In October of 2014, I was asked to teach dance/ movement therapy classes at ATCO (Advocacy, Training, Careers, Opportunities), a center for adults with disabilities in the Athens Community, along with a fellow student in the Dance Division. I had no idea that simply spending one hour per week with these individuals would make such a significant impact on my life and become the best part of my junior year.
It is often said that it takes a special kind of person to work with a population like the individuals at ATCO. I didn’t think I was that person. I walked in to the facility on the day of my first class questioning how in the world I was going to do this. Would they listen? Would they be violent? Would they even understand what I was saying? I went into the experience with an attitude based on stereotypes of mental hospitals in horror films and TV shows. I could not have been more wrong.
Going into the first class, Grace (my fellow teacher) and I had no idea what our students would be capable of. I was used to teaching trained dancers who had knowledge of ballet vocabulary. For ATCO, we had to approach the class as a movement experience rather than a dance class. We focused on getting them to reach their limbs out into space, use both homolateral and contralateral movements and learn basic rhythmic patterns such as stepping or clapping to a beat. We focused primarily on arm motions because many of the students had to sit in chairs or wheelchairs.
The amount of material our ATCO students were able to pick up and maintain was astounding. In just a few weeks they had improved significantly and could move with confidence. I could also tell that they were more comfortable and enjoying our weekly classes. One day our supervisor, Tami, approach Grace and I to tell us that one of our students who uses a wheelchair said that this was the best she had felt in years. Another student told Tami that dance class was his favorite part of the week. I hadn’t realized how much dance was impacting them. I took for granted the power of movement since I was used to dancing for hours on end each day in my classes and rehearsals.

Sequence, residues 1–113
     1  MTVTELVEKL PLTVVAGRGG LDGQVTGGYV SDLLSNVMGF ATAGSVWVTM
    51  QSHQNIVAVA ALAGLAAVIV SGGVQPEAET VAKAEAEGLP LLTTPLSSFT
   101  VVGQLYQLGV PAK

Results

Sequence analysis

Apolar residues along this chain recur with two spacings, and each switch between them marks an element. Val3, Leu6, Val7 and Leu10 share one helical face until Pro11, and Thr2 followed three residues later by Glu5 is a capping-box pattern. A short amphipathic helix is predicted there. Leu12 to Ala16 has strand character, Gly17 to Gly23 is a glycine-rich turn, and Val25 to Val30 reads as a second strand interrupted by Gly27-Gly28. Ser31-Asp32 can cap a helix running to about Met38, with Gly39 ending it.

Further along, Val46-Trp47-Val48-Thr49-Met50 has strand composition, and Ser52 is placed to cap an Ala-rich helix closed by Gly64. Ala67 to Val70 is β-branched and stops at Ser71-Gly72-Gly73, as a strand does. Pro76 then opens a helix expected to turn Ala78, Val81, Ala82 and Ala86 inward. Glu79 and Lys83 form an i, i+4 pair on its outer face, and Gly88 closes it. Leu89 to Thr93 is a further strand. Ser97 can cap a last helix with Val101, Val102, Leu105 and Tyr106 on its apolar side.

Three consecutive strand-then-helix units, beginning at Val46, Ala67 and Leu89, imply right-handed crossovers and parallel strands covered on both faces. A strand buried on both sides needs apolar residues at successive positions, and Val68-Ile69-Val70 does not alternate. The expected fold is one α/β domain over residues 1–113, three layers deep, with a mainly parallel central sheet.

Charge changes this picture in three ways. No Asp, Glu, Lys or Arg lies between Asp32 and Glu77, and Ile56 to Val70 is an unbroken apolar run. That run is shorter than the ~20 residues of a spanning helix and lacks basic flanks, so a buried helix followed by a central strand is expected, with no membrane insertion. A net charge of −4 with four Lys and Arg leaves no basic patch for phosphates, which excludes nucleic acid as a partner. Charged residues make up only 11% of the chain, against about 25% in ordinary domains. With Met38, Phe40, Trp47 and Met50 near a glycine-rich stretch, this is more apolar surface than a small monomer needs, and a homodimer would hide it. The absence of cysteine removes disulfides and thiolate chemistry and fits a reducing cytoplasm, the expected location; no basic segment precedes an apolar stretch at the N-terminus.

In early March our students performed at the Disabilities Awareness Festival held at the Athens Community Center. Seeing the confidence in their eyes and the smiles on their faces as they performed the choreography was amazing. I was so proud I could have cried right there.
The next week we had our final class of the year at ATCO. Grace and I were in awe as we walked in to a party thrown for us by our students. We performed in front of the other clients and employees at ATCO and celebrated the year with cookies and fruit punch. Each of our students made us thank you cards, artwork, and one student even sang us a song. We received endless hugs and thank you’s. Tears started to well in my eyes as I thought about the coming months without these wonderful people.
The individuals at ATCO are some of the most amazing and inspiring people I have ever met. They are kind, caring, funny and intelligent. They proved that anyone can dance and I am convinced that they can accomplish anything they put their mind to. When I began teaching in October, I thought I was just teaching dance class. I was wrong. As my students were learning new ways to move their bodies, together we were collectively learning about each other and how we can come together as a community.
Volunteering at ATCO was one of the most rewarding experiences of my life and I can’t wait to return in September to reunite with my students. I encourage everyone to seek out an experience similar to mine. Try something new, work with a population you never have before and take a chance because it will change you forever.